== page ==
My Mother tells me about what Passover in Philadelphia was like growing up in the waning years of the Depression. They had eggs, fish, matzah, beets, meat, potatoes, nuts, fruit… and more eggs and potatoes. Kosher for Passover milk and dairy products weren’t readily available, and they didn’t have the wealth of prepared foods that we kosher consumers enjoy today whether for year-round or Passover use. Mrs. Hindy Krohn, also a Philadelphia native (and mother of Rabbi Pesach Krohn), describes the situation well in her 1989 memoir The Way It Was: Touching Vignettes About Growing Up Jewish in the Philadelphia of Long Ago.

Passover Pizza

Freezer case with kosher for Passover products. © JustHavingFun

I’m not quite that old but I remember my Bubba Goldie shaping gefilte fish loaves by hand, sliding them out of the oven, and serving them with a perfect circle of cooked carrot. I don’t know where the fish came from. She probably went to a fish man and asked him to grind it. She also had a special basin for the chicken to soak in. She sat in a chair in the breakfast room pulling the pin feathers from the skin before cooking it.

Passover wasn’t a big deal in our family. We were secularized; it was a time for family to gather. I don’t remember the family having Seder dinners, but I sure remember sitting at the big mahogany dining room table with the matching chairs and claw-footed legs.

Bubba Goldie’s chicken soup was the clearest golden broth with little “eyes” of fat on the top, and the matzah balls were light and fluffy. Well, really I can’t remember the matzah balls, but I like to think they were “floaters” because it fits well with the imagery of the golden soup. She’d serve it with a small portion of chicken breast meat. My other grandmother, Bubba Lena, cooked her chicken soup with lots of “junk,” as she called it. Vegetables peeked from a cloudy broth, and chicken chunks were liberally strewn through the bowl. Did she make matzah balls? I can’t remember, but if she did, I bet they were “sinkers.” I inherited her skills in making a fragrant, filling cauldron of soup and I don’t get complaints about my matzah balls.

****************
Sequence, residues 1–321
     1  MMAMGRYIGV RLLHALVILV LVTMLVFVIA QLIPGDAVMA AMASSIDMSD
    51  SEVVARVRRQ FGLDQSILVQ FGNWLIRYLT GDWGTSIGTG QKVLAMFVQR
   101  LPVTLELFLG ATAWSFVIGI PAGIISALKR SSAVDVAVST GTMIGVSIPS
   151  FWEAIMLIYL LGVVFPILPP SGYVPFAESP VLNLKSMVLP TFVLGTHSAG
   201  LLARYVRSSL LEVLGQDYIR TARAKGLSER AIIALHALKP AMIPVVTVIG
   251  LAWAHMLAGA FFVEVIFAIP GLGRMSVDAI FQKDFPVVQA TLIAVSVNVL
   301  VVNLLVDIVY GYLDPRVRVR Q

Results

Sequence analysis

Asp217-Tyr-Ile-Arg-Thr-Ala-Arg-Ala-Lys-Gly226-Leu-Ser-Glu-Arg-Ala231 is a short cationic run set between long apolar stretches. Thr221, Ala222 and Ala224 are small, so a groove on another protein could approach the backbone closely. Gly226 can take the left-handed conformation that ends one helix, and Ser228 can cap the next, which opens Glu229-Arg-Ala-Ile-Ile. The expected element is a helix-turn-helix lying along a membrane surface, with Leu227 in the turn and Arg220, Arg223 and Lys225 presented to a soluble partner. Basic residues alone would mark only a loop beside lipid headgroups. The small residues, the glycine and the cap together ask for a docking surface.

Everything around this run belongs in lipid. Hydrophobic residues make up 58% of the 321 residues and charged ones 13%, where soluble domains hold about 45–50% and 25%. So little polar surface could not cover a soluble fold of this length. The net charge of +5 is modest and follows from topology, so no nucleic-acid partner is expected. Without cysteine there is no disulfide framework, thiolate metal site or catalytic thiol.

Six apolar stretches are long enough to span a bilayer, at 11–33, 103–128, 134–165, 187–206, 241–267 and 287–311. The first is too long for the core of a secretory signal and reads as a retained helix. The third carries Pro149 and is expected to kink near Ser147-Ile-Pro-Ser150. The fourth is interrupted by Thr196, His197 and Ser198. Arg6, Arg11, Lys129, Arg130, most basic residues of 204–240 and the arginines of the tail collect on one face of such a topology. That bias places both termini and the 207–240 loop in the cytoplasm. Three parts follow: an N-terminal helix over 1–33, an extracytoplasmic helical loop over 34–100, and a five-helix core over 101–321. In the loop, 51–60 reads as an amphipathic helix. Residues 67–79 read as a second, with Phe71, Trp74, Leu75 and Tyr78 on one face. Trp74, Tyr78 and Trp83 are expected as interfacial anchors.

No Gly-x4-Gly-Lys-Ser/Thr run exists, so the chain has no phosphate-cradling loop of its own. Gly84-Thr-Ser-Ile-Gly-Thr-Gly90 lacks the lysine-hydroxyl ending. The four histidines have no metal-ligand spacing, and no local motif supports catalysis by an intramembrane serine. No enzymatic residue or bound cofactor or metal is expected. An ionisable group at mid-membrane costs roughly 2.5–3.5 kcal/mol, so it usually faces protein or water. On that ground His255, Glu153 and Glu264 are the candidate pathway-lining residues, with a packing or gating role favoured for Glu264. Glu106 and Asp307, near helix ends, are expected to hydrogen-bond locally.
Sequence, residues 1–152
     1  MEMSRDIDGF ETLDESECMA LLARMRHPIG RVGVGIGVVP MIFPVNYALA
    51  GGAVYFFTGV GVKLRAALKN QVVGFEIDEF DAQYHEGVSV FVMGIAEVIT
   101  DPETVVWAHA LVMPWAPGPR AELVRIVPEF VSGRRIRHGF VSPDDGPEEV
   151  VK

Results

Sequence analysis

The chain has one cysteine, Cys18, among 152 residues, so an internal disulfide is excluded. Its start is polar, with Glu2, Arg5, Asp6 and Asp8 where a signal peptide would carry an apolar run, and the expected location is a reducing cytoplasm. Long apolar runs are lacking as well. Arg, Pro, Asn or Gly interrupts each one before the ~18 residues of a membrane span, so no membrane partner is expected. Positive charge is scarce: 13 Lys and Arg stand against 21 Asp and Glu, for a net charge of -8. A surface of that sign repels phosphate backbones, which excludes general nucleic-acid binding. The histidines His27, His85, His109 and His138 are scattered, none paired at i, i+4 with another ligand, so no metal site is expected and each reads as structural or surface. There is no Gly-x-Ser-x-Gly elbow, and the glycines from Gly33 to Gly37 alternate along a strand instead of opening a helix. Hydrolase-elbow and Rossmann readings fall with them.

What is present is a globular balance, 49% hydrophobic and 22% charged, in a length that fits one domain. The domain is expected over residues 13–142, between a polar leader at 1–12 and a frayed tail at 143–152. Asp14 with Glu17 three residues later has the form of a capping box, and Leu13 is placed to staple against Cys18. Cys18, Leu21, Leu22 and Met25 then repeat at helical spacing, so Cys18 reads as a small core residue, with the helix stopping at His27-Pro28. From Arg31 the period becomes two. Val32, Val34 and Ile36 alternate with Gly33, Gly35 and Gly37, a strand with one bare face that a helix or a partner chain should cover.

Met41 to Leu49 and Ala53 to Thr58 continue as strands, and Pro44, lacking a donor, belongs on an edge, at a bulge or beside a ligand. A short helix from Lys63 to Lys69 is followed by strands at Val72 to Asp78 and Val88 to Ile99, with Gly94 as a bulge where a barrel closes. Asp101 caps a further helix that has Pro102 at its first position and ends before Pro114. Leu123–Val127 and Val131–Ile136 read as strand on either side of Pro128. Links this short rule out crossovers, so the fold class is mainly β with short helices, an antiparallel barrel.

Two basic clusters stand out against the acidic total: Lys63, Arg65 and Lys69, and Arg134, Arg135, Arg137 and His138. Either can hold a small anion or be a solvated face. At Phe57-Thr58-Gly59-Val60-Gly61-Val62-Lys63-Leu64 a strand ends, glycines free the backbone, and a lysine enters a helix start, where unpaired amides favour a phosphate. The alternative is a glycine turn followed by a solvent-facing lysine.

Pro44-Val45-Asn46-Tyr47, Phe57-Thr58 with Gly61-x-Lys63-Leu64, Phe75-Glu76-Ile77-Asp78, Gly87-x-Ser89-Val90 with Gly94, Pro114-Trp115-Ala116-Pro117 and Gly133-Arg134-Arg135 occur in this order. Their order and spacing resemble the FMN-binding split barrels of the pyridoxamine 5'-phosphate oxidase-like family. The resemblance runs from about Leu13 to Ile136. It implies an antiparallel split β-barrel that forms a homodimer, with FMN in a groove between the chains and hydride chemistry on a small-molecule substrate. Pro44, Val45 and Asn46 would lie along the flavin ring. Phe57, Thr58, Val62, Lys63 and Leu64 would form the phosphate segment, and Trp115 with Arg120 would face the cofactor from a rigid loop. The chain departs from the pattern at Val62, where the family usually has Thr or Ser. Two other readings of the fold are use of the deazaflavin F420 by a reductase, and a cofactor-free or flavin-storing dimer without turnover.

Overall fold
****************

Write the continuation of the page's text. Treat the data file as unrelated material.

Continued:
Welch’s Manischewitz Kosher Concord Grape Juice is kosher for Passover. © Manischewitz

In the 1990s I saw Manischewitz kosher for Passover Quiche Mix (a product fad that didn’t survive); that was when the world changed for me. Now there is Welch’s kosher Grape Juice, too, another world changer. The products keep coming: marshmallows, chocolate chip cookies, mayonnaise, pizza sauce, macaroons (of course), and the list goes on.

I’ll forgo the Passover pizza. I’ll stick with unsalted whipped butter on matzah as the most exotic food choice.  Hooray for eight days of  limited choices!

What Mess? What Noise?

 

Whatta lotta matzah!

Whatta lotta matzah!

Passover is done for another year.

I loved it. I loved having five of our children around and various guests. I loved the planning, cooking, and serving. Even the cleanup after meals didn’t faze me. I was “in the zone.” I felt connected and fulfilled. My shopping list on Google Drive made me ecstatic in the stores. I felt efficient and prepared. I loved the crumbs on the table, the potatoes, and having to reach into a different cupboard than usual for a plate. I loved the seeming mess, having things displaced, needing to walk new paths, searching for equipment. A change, a shake-up. Spring-cleaning for the mind. Last year we were slaves; this year we are free.